In a few engagements, Avanceé is granted access to the strategy and execution of forward-running programs. This is where Avanceé runs best — the statements go something like, “we aren’t ready to do what you are doing. But, we need your guidance to get closer to than where we are now.” Avanceé isn’t the author of the change, just an advocate towards getting there. We work alongside others who wish to be culture/change agents and then arrive at a place where enough information is gathered, or behaviors challenged, where the organization makes a choice to go forward or not.
Similar to cycling advocacy, it isn’t those who are already cycling who create the sustaining change. It is inviting those who are closer to the lived-experience of the region. Those who see other benefits of cycling (financial, health, local business support, etc.) as key to making that cultural change. It’s at that shift where advocacy moves from being a discussion to a transaction. A transaction which invites other discussions, and likely other transactions also. But, the advocate for the initial, won’t necessarily be the advocate for the next. They too will need to change — and become a follower to someone else’s advocacy plan.
Late? Or elite? Part of the reason for things being later than usual, that is the posting of this weeks links, is because of a focus towards business development for a few new clients. One part of the work is trying to understand why they are not late in their respective industry, but why they are elite. Sometimes, timing works for us if we find a flow that is less dependent on whether or not people who could use our services — that is, we work in our flow and are found because we are distinctly not pushing against the grain. Simply becoming notable because your flow demonstrates that others are striving. From there, the work that you put in is what guarantees the business’ outcomes.
And a few from here:
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Every org is a tech org, every tech is it’s currency
In some engagements, the product is simply to raise the floor of a specific team or role’s technical literacy. This might mean training on a particular platform or application, connecting the dots between existing practices, or carefully appraising incoming personnel’s skill sets. In all cases, one of the arguments made is that no matter the application of the business’ attention, they are a technical organization. Their ability to skillfully use, adapt to, and moderate themselves (individually and collectively) will determine if that literacy is profitable or detrimental.
What amounts to functional literacy is different than even 15-20 years ago. It used to be words per minute was the metric of literacy. Nothing about the quality of the output, nothing about the ability to transform that into various other forms. Just input. Later, many industries evolved past WPM to Microsoft Office proficiency. Not merely being about input, this phrasing also meant the ability to transform and manipulate for specific ends. Unfortunately, it is a very wide request for proficiency (does one need to know mail merge for Word, how to create rules for Outlook, or how to write/edit VBA for macros in Excel). Sure, a good bit of this request for proficiency had to do with understanding how to find and leverage functionality. Yet, it was rarely stated this way. Weirdly enough, this phrasing actually leads to the gaps SaaS products have aimed at marketing.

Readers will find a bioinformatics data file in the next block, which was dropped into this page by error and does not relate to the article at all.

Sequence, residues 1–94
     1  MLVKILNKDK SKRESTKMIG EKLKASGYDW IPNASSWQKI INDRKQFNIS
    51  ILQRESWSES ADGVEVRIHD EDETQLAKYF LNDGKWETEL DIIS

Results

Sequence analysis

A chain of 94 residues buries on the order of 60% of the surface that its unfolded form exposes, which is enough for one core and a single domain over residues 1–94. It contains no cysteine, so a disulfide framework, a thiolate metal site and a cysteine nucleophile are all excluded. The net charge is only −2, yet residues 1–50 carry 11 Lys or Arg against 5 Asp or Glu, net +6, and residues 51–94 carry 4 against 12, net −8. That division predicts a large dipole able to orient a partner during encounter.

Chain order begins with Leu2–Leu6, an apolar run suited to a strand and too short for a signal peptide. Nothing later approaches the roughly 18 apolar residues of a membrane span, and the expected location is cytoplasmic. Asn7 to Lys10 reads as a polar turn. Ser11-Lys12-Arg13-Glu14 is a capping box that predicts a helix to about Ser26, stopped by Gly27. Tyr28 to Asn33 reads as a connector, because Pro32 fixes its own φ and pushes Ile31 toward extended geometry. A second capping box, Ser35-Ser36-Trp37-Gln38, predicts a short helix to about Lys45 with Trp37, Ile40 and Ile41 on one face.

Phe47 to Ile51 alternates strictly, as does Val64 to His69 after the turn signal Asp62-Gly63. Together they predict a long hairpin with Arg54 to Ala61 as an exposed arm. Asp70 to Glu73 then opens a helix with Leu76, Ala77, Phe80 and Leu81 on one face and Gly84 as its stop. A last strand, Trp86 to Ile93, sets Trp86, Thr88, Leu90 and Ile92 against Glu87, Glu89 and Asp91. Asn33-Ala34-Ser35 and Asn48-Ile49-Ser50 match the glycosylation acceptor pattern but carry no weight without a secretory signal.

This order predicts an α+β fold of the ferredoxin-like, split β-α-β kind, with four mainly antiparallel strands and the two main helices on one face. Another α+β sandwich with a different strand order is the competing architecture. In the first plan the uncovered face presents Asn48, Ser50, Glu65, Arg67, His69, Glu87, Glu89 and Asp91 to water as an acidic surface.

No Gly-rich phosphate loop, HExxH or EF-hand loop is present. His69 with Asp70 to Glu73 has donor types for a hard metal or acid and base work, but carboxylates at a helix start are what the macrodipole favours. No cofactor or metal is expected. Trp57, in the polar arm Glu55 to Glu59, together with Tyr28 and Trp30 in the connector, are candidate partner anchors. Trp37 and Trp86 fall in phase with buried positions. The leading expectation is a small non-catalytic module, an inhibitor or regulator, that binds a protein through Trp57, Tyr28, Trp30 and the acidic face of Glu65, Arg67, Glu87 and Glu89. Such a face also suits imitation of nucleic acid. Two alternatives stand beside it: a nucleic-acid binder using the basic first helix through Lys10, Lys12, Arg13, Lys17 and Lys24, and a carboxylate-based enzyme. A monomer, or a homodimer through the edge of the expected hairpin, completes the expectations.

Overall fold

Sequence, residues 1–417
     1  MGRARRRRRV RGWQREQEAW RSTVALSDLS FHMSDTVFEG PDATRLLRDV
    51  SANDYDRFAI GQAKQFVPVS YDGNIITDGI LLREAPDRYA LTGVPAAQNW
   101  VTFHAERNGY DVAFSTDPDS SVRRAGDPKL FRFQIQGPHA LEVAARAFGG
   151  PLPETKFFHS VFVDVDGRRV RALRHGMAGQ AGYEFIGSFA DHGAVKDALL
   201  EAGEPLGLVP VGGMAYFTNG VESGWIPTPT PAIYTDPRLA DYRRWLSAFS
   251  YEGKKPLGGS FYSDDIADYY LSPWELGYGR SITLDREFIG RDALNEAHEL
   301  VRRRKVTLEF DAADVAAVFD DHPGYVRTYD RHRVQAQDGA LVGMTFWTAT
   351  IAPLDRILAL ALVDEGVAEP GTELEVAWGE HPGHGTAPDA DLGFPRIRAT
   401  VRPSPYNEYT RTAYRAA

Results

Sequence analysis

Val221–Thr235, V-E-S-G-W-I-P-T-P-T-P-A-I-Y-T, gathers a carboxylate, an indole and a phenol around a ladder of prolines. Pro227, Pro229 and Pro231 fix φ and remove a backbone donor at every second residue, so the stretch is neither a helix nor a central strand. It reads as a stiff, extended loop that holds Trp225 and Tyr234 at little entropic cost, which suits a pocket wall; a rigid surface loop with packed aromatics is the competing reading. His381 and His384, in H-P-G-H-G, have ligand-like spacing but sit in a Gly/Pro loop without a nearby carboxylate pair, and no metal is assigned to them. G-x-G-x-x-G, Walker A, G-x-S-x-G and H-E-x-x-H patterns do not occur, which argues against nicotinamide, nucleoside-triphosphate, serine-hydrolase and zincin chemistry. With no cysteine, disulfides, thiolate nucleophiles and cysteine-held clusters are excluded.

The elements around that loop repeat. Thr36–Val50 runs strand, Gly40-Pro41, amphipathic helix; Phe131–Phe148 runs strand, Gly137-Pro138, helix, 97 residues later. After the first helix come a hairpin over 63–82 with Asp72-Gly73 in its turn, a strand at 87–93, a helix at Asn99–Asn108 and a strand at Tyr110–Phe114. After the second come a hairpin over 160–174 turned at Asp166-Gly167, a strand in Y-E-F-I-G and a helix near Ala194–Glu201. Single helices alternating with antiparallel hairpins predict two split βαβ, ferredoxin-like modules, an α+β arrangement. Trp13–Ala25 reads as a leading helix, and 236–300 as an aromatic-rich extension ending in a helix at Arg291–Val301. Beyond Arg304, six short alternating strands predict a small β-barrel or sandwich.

So, if we agree that these were the leading steps of literacy over the past 30+ years of knowledge-based productivity, what does technical literacy look like now?
Or, is it creating something else entirely, which adds the benefit of improving productivity, increasing stakeholder returns, or filling a social need?
Skillfully using, adapting, and moderating technology (individually and collectively) will determine if that literacy is profitable or detrimental. Technical literacy is the floor, and that floor will continue to evolve, just as our base uses of computing evolves.
Thought about publishing the weekly links earlier since Friday was quite packed. But, it made sense to wait a bit. There were a few things on deck for Friday which shaped these a bit better. That shaping will lead to better buckets of life later — and interesting bits to consider for the weekend forward.
When connectivity is wellness
A few conversations recently about connectivity and what it means to be well had sparked something of a different perspective. Namely, what it means to find wellness when you are connected. Sounds like a wrong shift of perspective to some, but we must realize that for many, to be disconnected will mean Essential death. It’s rather on a scale of connectivity where they will figure out what is too much, what isn’t enough, and what it means to be well.
Borrowing from the ideology behind digital immigrants and natives (see: Howard Reinghold), there’s obviously a difference between those who grew up with connectivity as it evolved and those who grew up with different aspects of it more or less normalized. Much like those who grew up with color TV listened to those who grew up with radio talk about the diminishing of imagination, there’s a similar angle to this discussion. However, we won’t settle on the perceived negative connotations, there’s room for that in other digital humanism discussions. We would be better to ask what wellness looks like.